Flashback Friday: Klingenberg Makes History AT USATF JOs

Move over Tyrese Cooper, rising Teague Middle School 8th grader, Ashley Klingenberg, running for Central Florida Gliders, just ran 4:38 in the prelims at the USATF JO Championships in Jacksonville. Her time in the 13-14 year old division was a personal best by ten seconds and five seconds faster than Daesha Roger's previous meet record. We caught up with Gliders Coach Mark Robinson to talk about the preparation leading up to the race, the performance and gain insight on this future distance star.

What was her training like leading up to the 1500 and this meet?

Ashley's 2015 track season with the Central Florida Gliders lasted 6 months, the perfect amount of time to really build the appropriate base, develop the energy systems with multi-paced running, get in some benchmark races and generate a significant peak. The Gilders have always had great training programs and success in distance events, but I've tweaked it quite a bit over the past 2 years based on learnings from the USTFCCCA and USATF Level 2 endurance programs. Ashley typically trained 5-6 days per week (including recovery run days) throughout the 2 month General Preparation, 2 month Specific Preparation and 1 month Pre-Competition phases, and 4-5 days per week during the 1 month competition phase. VO2 max training (2-6 minute intervals at 3200m pace with rest = work) once every 7-10 days was key.

Talk about the type of runner Ashley is and what makes her so good?

Ashley is a coach's dream athlete -- self-disciplined, talented, competitive, smart, considerate and passionate about running.

She had a great run at the MS state meet, how does she peak for the postseason?

Unlike most middle and high school athletes, this wasn't the post season for Ashley, but exactly what we have been training for all year. So her excellent performances at the MS State Meet actually occurred during her specific preparation phase of the season with no tapering. In general, if one is really peaking for the MS or HS season, then the post season is about maintaining that peak for 4-6 weeks maximum. For those athletes that peak for the HS or MS State meet in May, I generally recommend 1-2 weeks off and treating the summer season as a separate mesocycle, similar to Indoor Track & Field because 11 weeks is too long to maintain a peak.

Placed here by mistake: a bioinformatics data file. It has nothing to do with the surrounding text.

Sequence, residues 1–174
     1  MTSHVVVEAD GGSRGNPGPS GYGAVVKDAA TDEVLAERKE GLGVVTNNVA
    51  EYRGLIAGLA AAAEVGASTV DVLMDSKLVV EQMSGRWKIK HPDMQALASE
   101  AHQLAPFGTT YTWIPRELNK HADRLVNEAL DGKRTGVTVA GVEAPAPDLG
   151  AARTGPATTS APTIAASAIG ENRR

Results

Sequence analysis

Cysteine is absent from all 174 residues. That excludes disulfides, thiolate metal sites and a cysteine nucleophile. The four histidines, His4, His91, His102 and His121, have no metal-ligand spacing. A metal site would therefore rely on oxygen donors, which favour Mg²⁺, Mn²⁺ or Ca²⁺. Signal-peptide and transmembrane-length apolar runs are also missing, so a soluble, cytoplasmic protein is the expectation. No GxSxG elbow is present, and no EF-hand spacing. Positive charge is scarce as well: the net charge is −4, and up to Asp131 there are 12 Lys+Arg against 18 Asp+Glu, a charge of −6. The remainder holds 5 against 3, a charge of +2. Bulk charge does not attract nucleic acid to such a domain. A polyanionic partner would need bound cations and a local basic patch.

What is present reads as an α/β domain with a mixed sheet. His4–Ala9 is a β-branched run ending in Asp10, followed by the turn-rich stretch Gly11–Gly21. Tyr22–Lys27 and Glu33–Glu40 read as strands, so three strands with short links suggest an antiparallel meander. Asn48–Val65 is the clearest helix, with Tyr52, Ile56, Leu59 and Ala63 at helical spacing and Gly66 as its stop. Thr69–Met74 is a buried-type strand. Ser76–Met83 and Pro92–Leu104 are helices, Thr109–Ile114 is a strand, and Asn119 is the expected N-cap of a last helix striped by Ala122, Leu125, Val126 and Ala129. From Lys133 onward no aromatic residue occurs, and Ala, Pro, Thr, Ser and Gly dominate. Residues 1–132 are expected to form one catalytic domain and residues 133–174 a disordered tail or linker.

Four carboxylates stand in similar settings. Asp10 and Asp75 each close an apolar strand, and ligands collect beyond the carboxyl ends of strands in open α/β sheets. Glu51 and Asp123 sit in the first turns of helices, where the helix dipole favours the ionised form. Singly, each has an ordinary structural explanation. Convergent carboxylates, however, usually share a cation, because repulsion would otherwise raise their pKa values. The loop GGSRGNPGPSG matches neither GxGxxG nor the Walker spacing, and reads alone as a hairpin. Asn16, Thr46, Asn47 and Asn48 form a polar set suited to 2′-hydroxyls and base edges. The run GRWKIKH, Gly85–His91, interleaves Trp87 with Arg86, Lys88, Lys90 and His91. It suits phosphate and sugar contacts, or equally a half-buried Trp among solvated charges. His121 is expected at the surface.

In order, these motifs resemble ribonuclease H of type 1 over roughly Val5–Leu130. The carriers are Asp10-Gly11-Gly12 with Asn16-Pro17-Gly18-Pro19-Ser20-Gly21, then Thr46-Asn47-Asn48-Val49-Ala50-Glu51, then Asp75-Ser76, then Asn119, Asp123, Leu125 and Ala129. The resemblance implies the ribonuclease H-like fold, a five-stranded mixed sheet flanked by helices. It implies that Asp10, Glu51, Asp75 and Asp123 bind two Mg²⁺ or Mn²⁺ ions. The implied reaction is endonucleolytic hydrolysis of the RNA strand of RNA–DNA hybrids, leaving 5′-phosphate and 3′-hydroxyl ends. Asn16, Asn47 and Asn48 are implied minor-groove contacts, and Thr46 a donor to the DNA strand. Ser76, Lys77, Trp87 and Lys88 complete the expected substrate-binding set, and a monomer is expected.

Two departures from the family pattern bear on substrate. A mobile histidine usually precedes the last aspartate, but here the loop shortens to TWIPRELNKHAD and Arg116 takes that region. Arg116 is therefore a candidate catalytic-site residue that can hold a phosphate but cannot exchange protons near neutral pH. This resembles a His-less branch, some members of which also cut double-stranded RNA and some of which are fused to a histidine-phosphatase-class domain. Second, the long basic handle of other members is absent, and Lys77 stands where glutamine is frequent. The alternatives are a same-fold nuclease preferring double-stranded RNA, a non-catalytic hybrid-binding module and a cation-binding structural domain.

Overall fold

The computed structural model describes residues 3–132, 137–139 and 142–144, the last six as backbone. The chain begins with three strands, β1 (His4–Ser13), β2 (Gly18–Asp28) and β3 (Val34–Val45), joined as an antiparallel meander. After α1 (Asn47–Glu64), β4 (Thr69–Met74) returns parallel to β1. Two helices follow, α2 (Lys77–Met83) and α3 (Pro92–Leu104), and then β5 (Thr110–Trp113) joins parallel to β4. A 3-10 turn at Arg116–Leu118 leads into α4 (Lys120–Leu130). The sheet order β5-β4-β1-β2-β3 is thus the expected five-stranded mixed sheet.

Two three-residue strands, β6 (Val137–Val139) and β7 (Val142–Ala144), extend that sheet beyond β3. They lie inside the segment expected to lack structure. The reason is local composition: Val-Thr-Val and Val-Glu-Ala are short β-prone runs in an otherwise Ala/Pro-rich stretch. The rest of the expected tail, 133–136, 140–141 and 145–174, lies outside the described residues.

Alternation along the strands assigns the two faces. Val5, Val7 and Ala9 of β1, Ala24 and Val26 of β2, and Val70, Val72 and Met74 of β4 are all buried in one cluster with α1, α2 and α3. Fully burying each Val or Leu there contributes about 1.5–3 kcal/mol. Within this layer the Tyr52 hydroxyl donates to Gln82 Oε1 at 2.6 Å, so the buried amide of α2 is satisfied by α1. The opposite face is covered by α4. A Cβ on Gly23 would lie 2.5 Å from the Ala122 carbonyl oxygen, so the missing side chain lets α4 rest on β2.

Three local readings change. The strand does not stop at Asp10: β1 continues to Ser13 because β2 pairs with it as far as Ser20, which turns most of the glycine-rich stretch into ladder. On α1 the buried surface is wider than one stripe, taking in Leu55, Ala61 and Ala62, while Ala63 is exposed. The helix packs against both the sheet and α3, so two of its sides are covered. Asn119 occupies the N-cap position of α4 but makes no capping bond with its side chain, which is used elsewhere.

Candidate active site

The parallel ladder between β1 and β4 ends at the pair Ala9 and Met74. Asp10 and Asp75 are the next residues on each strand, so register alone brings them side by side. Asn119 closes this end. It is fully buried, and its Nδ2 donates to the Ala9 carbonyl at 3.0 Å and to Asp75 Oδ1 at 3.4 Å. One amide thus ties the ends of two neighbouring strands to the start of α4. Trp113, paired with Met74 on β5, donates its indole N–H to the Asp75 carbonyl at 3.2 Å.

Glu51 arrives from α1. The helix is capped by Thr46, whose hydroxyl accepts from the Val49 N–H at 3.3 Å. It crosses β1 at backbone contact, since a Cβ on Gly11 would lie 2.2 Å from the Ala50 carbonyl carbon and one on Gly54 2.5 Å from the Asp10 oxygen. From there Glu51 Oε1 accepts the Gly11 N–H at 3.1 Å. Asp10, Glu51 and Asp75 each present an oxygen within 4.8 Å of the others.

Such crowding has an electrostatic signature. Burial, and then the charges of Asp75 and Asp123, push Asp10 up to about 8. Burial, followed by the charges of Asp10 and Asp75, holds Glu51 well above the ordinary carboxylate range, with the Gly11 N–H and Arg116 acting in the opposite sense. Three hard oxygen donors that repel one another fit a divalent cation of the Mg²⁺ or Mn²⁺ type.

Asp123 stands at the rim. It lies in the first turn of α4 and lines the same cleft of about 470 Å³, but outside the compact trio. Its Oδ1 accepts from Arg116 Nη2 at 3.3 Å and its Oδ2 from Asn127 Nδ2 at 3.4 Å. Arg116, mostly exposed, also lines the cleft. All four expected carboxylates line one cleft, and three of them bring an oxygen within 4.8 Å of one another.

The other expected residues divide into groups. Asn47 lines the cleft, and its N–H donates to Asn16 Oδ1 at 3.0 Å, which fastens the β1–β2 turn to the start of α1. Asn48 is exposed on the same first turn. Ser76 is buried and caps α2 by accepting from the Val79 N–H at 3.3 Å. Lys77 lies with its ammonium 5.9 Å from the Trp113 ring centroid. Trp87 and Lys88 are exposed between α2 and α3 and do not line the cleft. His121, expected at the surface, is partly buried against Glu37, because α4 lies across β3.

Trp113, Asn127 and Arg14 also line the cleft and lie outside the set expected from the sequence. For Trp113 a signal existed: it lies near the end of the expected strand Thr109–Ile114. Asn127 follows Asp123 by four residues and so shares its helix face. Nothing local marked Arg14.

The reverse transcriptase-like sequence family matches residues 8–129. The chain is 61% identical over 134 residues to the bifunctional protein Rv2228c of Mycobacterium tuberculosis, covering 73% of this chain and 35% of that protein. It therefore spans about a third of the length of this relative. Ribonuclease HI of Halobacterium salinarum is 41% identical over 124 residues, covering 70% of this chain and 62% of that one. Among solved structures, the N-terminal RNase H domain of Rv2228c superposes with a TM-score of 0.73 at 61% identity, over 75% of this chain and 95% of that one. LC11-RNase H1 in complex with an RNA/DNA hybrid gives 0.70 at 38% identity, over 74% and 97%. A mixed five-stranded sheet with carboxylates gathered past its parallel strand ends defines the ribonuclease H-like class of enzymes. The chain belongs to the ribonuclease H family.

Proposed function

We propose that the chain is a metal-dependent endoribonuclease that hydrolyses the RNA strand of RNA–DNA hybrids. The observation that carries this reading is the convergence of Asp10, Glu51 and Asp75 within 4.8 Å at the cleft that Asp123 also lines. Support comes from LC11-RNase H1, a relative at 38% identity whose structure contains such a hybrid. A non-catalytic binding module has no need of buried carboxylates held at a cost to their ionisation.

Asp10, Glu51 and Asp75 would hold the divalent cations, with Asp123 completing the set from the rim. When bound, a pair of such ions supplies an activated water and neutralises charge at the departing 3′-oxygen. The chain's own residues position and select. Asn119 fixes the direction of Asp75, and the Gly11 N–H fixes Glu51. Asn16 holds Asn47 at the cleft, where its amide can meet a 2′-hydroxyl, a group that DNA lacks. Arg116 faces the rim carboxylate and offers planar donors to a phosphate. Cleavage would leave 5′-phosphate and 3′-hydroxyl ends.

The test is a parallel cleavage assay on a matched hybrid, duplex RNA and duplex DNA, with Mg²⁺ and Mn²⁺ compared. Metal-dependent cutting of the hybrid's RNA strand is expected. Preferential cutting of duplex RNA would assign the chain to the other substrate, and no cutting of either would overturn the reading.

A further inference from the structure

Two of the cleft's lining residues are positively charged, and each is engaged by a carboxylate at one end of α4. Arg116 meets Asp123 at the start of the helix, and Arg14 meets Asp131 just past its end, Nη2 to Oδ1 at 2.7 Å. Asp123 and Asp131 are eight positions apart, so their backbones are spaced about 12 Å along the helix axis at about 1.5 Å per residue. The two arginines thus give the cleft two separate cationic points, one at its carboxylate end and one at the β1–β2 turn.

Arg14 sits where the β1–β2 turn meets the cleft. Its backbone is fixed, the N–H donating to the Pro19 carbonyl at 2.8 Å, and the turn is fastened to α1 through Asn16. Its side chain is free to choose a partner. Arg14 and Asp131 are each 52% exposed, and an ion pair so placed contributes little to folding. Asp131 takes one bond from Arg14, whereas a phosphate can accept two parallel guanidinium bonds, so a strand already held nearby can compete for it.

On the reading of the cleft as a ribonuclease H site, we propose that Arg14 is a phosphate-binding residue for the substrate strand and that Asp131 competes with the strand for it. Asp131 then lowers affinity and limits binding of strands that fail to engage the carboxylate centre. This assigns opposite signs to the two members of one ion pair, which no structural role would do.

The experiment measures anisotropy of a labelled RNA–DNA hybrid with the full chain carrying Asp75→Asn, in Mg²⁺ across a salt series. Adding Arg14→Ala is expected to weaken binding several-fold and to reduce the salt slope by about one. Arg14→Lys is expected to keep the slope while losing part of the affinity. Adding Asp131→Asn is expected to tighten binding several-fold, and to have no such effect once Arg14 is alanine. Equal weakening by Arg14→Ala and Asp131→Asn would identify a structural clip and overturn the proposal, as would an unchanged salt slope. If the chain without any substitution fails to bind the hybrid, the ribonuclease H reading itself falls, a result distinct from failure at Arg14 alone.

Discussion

What events did Ashley compete in and what lessons did you both learn?

My goal for Ashley at this meet was top 3 in the 800m, 1500m, and 3000m, with a top showing in the 1500m. She competed in a total of 3 events and 6 races over a 5 day span at the 2015 USATF JO's -- 800m prelims, an unexpected 800m semi, 800 finals, 1500m prelims, 1500m final and the 3000m final. We had feasible plan in place to handle the heavy load of 5 races, but then USATF added a 6th race, the temperatures were steaming, some days moved to a rolling schedule and others had days had major delays. In addition, Ashley's competitive nature and inexperience prevented her from conserving energy in the preliminaries and doing just enough to advance, so the big F - fatigue started to set in as the finals rolled around on the weekend.

Despite the fatigue, Ashley medaled in every event - 3rd in the 800m, 4th in the 1500m and 5th in the 3000m. She left everything on the track and was too fatigued after her final race to even accept her 3rd medal. I believe fatigue was the difference between 2nd and 3rd in the 800m, 1st and 4th in the 1500m and 2nd and 5th in the 3000m. For future Junior Olympics games we will compete in no more than 4 races or 2 events over 5 days.

Only a 7th grader (rising 8th) when and how did she get started in running? How do you maintain her success at such a young age?

I believe Ashley started running at Teague Middle School in 6th grade where she placed 4th in the 1600m - 5:57 and 3rd in the 3rd in the 800m -- 2:43 at the Seminole County MS Championship in late May, 2014. A Teague teammate's dad saw her potential and encouraged her parents to check out the Gliders. She was eager to learn from the start and achieved dramatic improvements during the 2-month summer season. She qualified for the 2014 AAU Junior Olympics in Des Moines, IA in the 800m, 1500m and 3000m and ended the season with PRs in all events, a 6th place finish in the 3000m -- 11:08, 10th place in the 800m -- 2:29 and 8th place finish in the 1500m -- 5:09. Ashley dramatic improvements have continued in 2015.

Maintaining success at a young age requires the coach putting what's best for the athlete's long term development above everything else, while keeping things motivational, educational and fun.

What were her thoughts after she ran that 4:38 in the PRELIMS? Then she came back and ran 2:15 in the 800m that afternoon!

Ashley can better answer this. In the 1500m she simply followed the race strategy similar to her spectacular 4:48 1500m run at the ERU meet in April. The goal was to do enough to advance and PR. But Ashley felt great and went for it and amazed us all with a 4:38 1500m and a 1:10 final lap. She was ecstatic! Then to come back that evening and run a 2:15 PR in an unplanned 800m semifinals after a 2.5 hour delay in intense heat and humidity takes a truly special athlete. We considered dropping the 800m semis and final because of the unplanned increased work load in hot conditions, but that's a hard pill for a strong competitor to swallow.

Anything else you want to add?

With 7th grade PR's at 13 years-old of 2:14.84 in the 800m, 4:38.19 in the 1500m, and 10:21.16 in the 3000m, look for Ashley to break a one or more Florida middle school records as an 8th grader, if she decides to continue running.

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